What is Ectopic Pregnancy?
Pregnancy begins when a fertilised egg makes its way to the uterus and attaches itself there. In case of ectopic pregnancy the fertilised egg may attach and mature itself in the abdominal cavity, fallopian tube or cervix instead of the uterus.
A pregnancy test will still be positive in case of ectopic pregnancy. Ectopic pregnancy is also called Tubal pregnancy.
Ectopic pregnancy can be a life-threatening situation if not diagnosed and treated immediately.
What are the causes of Ectopic Pregnancy?
The causes of an ectopic pregnancy are still vague but following conditions are directly linked with ectopic pregnancy in some cases:
- inflammation of fallopian tubes due to an infection or surgery in the past
- medical conditions that have a direct impact on your reproductive organs and fallopian tubes
- birth defects or genetic abnormalities
- hormonal issues
Who is most at risk for an ectopic pregnancy?
Risk factors that increase the chances of all sexually active woman for an ectopic pregnancy are:
- history of endometriosis, abdominal surgery, multiple abortions, ectopic pregnancy, STDs like chlamydia or gonorrhoea or pelvic inflammatory diseases
- maternal age over 35 years
- structural abnormalities in the fallopian tube that prevent the egg from travelling to uterus
- pregnancy that is a result of fertility drugs and procedures
- pregnancy occurred despite intrauterine device and tubal ligation
What are the symptoms of Ectopic Pregnancy?
Ectopic pregnancy is very rarely symptomatic, in most cases it is only detected during routine scans. Whereas some women who are diagnosed with ectopic pregnancy complain about having following symptoms:
- pain in lower abdomen
- brown discharge or bleeding from the vagina
- nausea and other signs of pregnancy
- rectal pressure
- dizziness or faint spells
These symptoms can sometimes signify other health related issues too, so make sure that you get instant medical help from a gynaecologist to rule out the causes of your symptoms.
How can Ectopic pregnancy be diagnosed?
If you have all the above-mentioned symptoms visit your doctor immediately. Ectopic pregnancies can’t be diagnosed with a physical exam, it is only possible to diagnose an ectopic pregnancy with a transvaginal ultrasound. What happens during this ultrasound is that a special wand like tool is inserted in your vagina to see where your gestational sac is planted.
Some blood tests may also be required like HCG and progesterone to determine your hormone levels. If the level of these hormones stays the same or starts decreasing over the course of a few days and gestational sac can also be not seen in the ultrasound then your pregnancy will be considered ectopic.
In some cases if the patient has severe symptoms then all of the above diagnostic steps may be left behind to prevent the fallopian tubes from rupturing. A surgery is performed in such a case immediately to treat ectopic pregnancy.
Can ectopic pregnancy be prevented?
Ectopic pregnancy cannot be prevented completely, however you can lower your risk by maintaining good reproductive health. You can do so by limiting your number of sexual partners, which inturn helps in reducing your chances of STDs and PID.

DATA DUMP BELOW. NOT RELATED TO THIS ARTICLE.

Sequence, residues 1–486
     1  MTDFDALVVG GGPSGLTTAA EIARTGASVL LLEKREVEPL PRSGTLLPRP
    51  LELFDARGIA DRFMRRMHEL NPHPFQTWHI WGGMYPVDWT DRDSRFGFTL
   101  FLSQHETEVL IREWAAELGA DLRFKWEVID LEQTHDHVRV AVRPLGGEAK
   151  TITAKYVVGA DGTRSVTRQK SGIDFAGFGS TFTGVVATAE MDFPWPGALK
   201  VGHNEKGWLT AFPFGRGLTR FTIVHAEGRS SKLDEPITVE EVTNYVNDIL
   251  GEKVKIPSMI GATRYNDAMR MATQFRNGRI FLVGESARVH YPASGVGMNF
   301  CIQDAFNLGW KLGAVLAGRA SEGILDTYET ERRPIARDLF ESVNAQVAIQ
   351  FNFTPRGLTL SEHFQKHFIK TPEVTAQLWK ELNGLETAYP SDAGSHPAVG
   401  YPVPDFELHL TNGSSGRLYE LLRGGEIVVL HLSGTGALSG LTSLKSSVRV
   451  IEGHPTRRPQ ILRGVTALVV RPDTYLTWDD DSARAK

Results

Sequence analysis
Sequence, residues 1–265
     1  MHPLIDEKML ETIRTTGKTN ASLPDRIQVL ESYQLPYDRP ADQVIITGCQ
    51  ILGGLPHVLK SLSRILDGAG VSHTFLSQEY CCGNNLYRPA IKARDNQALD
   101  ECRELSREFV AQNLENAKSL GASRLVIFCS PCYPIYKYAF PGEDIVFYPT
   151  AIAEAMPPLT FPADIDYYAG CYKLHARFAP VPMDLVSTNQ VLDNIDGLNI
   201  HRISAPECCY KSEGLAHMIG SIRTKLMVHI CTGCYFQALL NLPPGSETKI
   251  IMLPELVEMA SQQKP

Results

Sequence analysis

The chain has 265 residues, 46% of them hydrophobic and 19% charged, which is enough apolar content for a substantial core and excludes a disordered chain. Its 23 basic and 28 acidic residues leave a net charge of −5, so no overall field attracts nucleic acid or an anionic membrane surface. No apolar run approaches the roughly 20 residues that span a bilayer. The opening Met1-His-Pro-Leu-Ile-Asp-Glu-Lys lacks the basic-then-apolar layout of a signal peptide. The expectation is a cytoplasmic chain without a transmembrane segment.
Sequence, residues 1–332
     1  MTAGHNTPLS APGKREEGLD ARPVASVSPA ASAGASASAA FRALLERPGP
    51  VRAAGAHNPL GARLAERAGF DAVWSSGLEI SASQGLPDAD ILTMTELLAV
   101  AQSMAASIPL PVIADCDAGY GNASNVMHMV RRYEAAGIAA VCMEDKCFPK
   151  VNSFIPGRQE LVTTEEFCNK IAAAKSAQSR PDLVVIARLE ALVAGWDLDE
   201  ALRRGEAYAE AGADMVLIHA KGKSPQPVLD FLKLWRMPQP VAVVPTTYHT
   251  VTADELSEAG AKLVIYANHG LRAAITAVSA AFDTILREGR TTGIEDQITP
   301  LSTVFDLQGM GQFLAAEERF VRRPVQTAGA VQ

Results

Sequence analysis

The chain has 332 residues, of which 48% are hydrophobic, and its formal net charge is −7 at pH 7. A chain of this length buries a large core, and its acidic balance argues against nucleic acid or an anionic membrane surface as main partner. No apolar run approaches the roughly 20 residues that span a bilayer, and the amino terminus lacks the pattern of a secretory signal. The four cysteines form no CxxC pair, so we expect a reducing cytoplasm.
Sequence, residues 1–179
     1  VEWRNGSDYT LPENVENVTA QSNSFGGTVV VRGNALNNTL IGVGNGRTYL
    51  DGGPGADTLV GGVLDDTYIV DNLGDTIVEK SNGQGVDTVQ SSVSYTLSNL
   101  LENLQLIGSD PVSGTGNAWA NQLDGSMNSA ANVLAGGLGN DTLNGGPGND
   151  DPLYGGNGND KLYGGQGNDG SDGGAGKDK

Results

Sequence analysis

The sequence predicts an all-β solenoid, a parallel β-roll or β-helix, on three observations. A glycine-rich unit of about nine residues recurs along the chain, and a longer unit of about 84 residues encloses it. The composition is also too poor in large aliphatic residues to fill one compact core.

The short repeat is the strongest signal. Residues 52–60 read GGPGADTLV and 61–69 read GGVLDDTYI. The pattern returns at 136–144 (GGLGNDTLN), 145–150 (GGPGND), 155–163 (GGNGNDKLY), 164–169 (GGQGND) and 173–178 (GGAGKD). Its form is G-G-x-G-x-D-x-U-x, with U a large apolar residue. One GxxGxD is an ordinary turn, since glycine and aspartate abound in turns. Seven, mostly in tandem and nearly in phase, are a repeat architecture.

You can also reduce your chances of an ectopic pregnancy by quitting smoking.
How can Ectopic Pregnancy be treated?
Ectopic pregnancy can be deadly for the mother so it is necessary to remove the embryo as soon as the situation is diagnosed. Various treatment options are available depending on the location of the ectopic pregnancy and its stage. Some of these treatment options are:
Surgery: A surgery performed to remove the embryo is called a laparotomy. For this surgery an incision is made and a small camera is inserted through that incision so that the surgeon can see their work. Then they remove the embryo and fix any damage that has happened to fallopian tubes.
In some cases the first attempt at laparotomy may not be successful so a repeat attempt is required, but this time with a larger incision.
After care tips:
Following are some tips that will help you heal and recover quickly after a laparotomy:
- keep the incision clean and dry so there are no chances of an infection
- drink plenty of fluids
- don’t lift heavy objects
- give your pelvic floor rest, which means refrain from tampon use and sexual activities
- rest as much as possible for at least 1 week after the surgery
Medication: If your doctor suspects that there may not be any immediate complications then they will prescribe you with medication which will prevent the ectopic mass from bursting. This medication will be given to you in the form of an injection. What this drug does is that it stops the growth of the cells of ectopic mass and causes symptoms of a miscarriage. Later on blood tests and scans will be repeated to make sure that the drug has worked and surgery is not required to remove the embryo.
FAQs about Ectopic Pregnancy:
Can a fetus survive during an Ectopic Pregnancy? Currently there is no way to transplant a wrongly implanted embryo from fallopian tubes into the uterus so a fetus doesn’t survive in an ectopic pregnancy.
Can Ectopic Pregnancy be life threatening? Ectopic pregnancy may result in the rupture of fallopian tubes which can cause internal bleeding that can be deadly.
Bottom Line: Almost all women who go through ectopic pregnancy have healthy pregnancies and babies in the future. So make sure that you talk to your doctor about ways that can help you ensure a healthy pregnancy in the future.